Pro-choice campaigners in London urge 'respectful debate' ahead of Irish abortion vote
Pro-choice campaigners have gathered in London to call for a change to Ireland's strict abortion laws, expressing the hope that the country will engage in "respectful debate" ahead of the 2018 referendum.
The event was one of the first rallies since the Irish Government set an indicative timescale of early summer next year for a referendum on the section of the state's constitution that ensures tight legal restrictions on terminations.
The Eighth Amendment, added to the constitution in 1983, recognises an unborn child's right to life.
A few hundred demonstrators joined together outside the Irish Embassy in the capital, chanting "Keep your rosaries off my ovaries" and "34 years since 83, stop sending women across the sea".
Placards among the crowd carried messages including: "Healthcare not Ryanair", and: "Irish women deserve better".
The campaigners attempted to make more than 205,700 white marks on the pavement to represent what they say is the number of women who have travelled to Great Britain from Northern Ireland and the Republic since 1983 to access a safe abortion.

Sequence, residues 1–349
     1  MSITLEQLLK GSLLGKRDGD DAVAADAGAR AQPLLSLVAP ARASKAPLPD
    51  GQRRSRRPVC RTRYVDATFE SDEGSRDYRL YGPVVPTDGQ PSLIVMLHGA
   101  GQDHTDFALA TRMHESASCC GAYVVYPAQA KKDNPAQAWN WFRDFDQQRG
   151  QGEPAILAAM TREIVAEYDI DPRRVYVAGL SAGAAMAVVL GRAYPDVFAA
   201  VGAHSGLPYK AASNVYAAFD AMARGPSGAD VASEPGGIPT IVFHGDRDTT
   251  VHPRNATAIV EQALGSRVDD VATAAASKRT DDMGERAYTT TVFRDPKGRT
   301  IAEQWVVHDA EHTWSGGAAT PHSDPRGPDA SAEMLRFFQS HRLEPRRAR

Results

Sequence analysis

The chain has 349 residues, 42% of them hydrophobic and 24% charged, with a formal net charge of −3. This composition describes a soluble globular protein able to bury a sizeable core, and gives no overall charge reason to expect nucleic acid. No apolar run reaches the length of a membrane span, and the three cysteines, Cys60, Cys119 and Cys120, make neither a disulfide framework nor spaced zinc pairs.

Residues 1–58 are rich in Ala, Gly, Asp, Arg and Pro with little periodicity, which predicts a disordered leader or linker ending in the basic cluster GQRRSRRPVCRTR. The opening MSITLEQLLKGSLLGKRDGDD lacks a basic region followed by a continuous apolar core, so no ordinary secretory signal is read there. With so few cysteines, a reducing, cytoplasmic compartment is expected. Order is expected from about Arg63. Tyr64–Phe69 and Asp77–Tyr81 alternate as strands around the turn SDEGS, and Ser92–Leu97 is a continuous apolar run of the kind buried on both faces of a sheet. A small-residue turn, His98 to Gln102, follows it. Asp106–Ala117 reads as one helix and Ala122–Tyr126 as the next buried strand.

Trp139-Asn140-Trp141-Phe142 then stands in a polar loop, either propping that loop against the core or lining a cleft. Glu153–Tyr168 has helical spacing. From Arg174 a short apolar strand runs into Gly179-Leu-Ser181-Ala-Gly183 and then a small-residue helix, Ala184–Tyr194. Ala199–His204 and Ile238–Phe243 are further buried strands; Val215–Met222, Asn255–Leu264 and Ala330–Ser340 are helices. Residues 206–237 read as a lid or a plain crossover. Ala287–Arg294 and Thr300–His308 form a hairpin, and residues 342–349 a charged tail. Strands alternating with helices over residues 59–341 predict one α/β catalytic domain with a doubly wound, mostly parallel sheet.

Maeve O'Reilly, from the London-Irish Abortion Rights Campaign, told the Press Association: "These journeys, which are often taken in silence and are very stigmatised and shameful in the eyes of our Government, we wanted to make them visible by making these physical marks on the pavement here today."
Ms O'Reilly said campaigners would like to see a specific date set for the referendum, adding: "I do think the conversations have been shifting a lot over the last few years and there is a conversation now, whereas a few years ago it wasn't really in the public domain and it wasn't on the agenda."
She said campaigners were encouraged by recent polls which she said have shown that "most Irish people want to see a liberalisation of Irish abortion laws".
She added: "We're really confident that the Irish public will engage with this issue, will have a good debate and people will begin to see that abortion is already happening. It's just not happening in Ireland.
"And the time has come to kind of wake up to that and do better for our women and offer this care at home, rather than exiling them to other countries."
The efforts of pro-choice and anti-abortion advocates are set to intensify now that a time frame for the vote has been set.
Ms O'Reilly acknowledged that there is a vocal opposition to the pro-choice campaign but said she did not want to frame it as a "binary fight between two sides".
She added: "I think it's far more nuanced than that and I think the Irish public can pick up on that too - that it's not black and white, it's not 'I'm for, I'm against'.
"It might be framed that way in the media, but hopefully people will engage in respectful debate and work out all the nuances of the issue rather than it being so cut and dry."